Why is the signal intensity of the KAPA SYBR® FAST qPCR Master Mix (2X) Kit not as high as expected after ROX normalization?
The correct concentration and amount of reference dye added to the KAPA SYBR FAST qPCR Master Mix is critical for optimal analysis. If the incorrect concentration or amount of reference dye is added to the Master Mix, the normalized signal may be lower than expected (if too much ROX has been added), or higher than expected (if too little ROX has been added). Always thaw and mix solutions before use. Consult the relevant KAPA SYBR FAST qPCR Kit User Guide in order to determine the correct amount and concentration of ROX to be added. If using ABI instrumentation, analysis of the raw signal can also be performed with the ROX filter switched off.
What are the storage recommendations for KAPA SYBR® FAST qPCR Kits?
The KAPA SYBR FAST qPCR Master Mix is stable at 4 °C although it is also possible to store the kit at -20 °C. The kit is sensitive to light and should be protected from direct light, particularly during storage. Care should also be taken to avoid freeze-thaw cycles. When stored under these conditions and handled correctly, full activity of the kit is retained for at least 12 months, as is indicated on the kit label.
I am using an ABI 7900 HT instrument and after cycling there is no signal in the amplification window but specific product is present when run on an agarose gel.
Ensure that the KAPA SYBR FAST qPCR Master Mix contained ROX High (if using the Universal Kit). If no ROX was added to the Master Mix, or the incorrect ROX was added, rerun the analysis with the ROX filter switched off.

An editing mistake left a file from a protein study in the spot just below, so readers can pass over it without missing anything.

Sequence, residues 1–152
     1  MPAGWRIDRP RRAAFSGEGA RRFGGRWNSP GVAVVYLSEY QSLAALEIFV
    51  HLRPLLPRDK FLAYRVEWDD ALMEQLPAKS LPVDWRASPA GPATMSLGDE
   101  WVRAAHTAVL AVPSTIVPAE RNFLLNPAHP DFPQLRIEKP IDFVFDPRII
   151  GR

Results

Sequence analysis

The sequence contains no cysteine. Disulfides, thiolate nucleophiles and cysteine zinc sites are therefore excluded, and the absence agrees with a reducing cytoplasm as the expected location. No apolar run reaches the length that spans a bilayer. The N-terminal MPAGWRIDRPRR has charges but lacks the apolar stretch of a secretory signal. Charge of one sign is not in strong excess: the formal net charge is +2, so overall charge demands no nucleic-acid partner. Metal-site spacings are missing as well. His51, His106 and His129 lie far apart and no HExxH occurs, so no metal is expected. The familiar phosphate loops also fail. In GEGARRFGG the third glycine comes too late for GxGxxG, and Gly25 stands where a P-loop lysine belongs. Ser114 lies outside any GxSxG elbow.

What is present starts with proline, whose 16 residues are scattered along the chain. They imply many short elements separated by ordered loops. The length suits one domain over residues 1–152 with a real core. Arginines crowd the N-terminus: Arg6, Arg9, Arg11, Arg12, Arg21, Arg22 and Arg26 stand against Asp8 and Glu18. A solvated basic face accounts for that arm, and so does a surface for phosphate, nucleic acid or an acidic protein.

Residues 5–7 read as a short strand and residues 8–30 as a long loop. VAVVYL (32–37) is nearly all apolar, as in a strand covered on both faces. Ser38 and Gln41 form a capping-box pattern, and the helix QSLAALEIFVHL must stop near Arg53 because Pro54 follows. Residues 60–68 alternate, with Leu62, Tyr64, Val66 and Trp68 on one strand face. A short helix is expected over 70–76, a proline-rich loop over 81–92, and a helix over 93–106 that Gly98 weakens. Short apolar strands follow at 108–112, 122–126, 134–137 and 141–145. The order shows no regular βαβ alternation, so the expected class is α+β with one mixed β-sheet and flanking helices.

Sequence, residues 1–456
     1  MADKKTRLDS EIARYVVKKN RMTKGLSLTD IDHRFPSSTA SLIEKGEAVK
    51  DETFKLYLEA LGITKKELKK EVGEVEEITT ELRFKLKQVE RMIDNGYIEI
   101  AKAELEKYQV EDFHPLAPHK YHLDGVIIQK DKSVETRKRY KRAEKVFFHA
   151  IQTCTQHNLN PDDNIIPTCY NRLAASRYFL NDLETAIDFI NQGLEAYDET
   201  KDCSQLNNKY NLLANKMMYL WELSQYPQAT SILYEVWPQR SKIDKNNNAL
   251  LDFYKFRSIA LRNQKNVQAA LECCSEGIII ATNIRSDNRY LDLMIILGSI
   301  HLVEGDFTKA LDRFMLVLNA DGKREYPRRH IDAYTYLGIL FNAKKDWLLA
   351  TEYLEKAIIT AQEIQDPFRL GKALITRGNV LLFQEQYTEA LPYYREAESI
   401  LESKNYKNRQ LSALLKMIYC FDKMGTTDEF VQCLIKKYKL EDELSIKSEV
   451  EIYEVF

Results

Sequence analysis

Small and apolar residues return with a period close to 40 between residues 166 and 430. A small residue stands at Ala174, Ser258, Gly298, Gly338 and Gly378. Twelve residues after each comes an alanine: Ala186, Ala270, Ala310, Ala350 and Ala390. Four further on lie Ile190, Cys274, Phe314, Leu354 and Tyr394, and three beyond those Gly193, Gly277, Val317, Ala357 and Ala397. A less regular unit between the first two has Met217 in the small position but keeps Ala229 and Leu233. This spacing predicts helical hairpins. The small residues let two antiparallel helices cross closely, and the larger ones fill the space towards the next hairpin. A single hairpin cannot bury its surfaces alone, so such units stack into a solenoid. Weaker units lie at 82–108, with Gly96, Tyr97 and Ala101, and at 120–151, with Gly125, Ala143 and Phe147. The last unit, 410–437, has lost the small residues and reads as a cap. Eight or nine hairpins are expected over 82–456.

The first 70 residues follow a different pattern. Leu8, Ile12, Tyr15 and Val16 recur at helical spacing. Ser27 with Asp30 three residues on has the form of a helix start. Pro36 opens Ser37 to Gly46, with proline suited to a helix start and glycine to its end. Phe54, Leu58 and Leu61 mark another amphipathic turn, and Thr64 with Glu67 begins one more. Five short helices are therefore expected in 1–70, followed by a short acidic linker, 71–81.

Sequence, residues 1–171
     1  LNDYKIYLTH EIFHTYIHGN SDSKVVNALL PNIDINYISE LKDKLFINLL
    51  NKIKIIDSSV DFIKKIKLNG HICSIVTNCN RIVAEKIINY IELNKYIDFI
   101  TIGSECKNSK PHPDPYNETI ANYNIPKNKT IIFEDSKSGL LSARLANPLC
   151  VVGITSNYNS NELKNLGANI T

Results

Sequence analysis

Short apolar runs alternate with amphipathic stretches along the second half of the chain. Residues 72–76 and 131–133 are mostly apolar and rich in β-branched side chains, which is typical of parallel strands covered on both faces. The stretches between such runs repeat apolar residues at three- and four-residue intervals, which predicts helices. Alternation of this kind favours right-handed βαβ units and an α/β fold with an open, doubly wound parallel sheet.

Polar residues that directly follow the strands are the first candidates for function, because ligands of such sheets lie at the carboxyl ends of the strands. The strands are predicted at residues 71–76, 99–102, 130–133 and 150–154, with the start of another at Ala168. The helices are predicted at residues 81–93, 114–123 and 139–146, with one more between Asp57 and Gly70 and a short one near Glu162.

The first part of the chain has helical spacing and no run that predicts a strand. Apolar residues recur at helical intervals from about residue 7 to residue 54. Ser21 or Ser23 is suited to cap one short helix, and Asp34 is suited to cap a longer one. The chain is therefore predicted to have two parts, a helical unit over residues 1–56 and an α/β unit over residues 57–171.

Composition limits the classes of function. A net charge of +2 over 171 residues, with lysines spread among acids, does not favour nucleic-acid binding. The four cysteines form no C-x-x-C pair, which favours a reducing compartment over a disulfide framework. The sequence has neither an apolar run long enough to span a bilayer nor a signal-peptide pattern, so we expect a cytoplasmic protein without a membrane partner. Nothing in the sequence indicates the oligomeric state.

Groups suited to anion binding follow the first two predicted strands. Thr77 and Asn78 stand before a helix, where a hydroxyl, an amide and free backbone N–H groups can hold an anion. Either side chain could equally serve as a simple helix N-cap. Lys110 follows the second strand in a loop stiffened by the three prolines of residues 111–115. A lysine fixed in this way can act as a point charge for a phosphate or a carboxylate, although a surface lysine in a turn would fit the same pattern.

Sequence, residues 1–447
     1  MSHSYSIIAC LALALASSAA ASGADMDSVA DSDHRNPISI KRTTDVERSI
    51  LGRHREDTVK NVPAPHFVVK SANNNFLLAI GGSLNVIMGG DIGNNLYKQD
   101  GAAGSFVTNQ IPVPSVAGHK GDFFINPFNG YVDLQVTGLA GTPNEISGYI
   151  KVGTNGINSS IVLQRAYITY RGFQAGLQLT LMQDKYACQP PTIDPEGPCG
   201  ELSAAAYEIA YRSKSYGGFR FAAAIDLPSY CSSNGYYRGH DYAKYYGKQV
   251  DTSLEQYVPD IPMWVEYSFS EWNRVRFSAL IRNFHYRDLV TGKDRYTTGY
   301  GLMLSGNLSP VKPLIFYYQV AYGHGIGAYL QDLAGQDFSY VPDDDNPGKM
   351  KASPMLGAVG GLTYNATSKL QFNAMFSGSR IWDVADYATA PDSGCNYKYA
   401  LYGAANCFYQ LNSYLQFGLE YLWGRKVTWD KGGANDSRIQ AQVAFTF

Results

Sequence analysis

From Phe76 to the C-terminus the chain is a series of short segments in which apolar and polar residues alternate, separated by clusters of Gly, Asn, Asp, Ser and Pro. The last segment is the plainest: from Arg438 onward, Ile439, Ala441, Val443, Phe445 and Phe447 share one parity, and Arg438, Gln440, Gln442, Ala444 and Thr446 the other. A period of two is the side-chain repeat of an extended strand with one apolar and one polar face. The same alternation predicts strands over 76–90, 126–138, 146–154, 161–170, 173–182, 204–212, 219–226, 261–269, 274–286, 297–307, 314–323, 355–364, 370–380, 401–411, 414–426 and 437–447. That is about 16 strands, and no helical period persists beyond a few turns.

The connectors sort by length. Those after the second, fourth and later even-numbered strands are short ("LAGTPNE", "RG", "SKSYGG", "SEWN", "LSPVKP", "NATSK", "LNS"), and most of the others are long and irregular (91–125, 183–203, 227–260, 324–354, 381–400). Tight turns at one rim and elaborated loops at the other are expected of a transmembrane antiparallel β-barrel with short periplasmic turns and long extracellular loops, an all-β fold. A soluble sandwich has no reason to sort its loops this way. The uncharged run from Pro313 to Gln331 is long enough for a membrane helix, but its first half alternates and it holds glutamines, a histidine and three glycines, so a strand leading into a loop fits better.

Can KAPA SYBR® FAST qPCR Kits be used with the Roche® LightCycler® 2.0 capillary qPCR instrument?
Yes. However, the Roche LightCycler 1.2, 1.5 and 2.0 capillary instruments require the addition of unacetylated BSA to the qPCR reaction at a final concentration of 250 ng/µL in order to prevent the DNA polymerase and template from binding to the glass capillaries.
What is the best way to achieve single copy detection?
High reaction efficiency combined with optimal primer design and primer purification is critical in achieving single copy detection. Reaction efficiency can be optimized using an annealing temperature gradient. A suitable qPCR primer design program should be used when designing primers (e.g. Primer3) and HPLC purification of primers is strongly recommended in order to reduce the formation of PCR artifacts.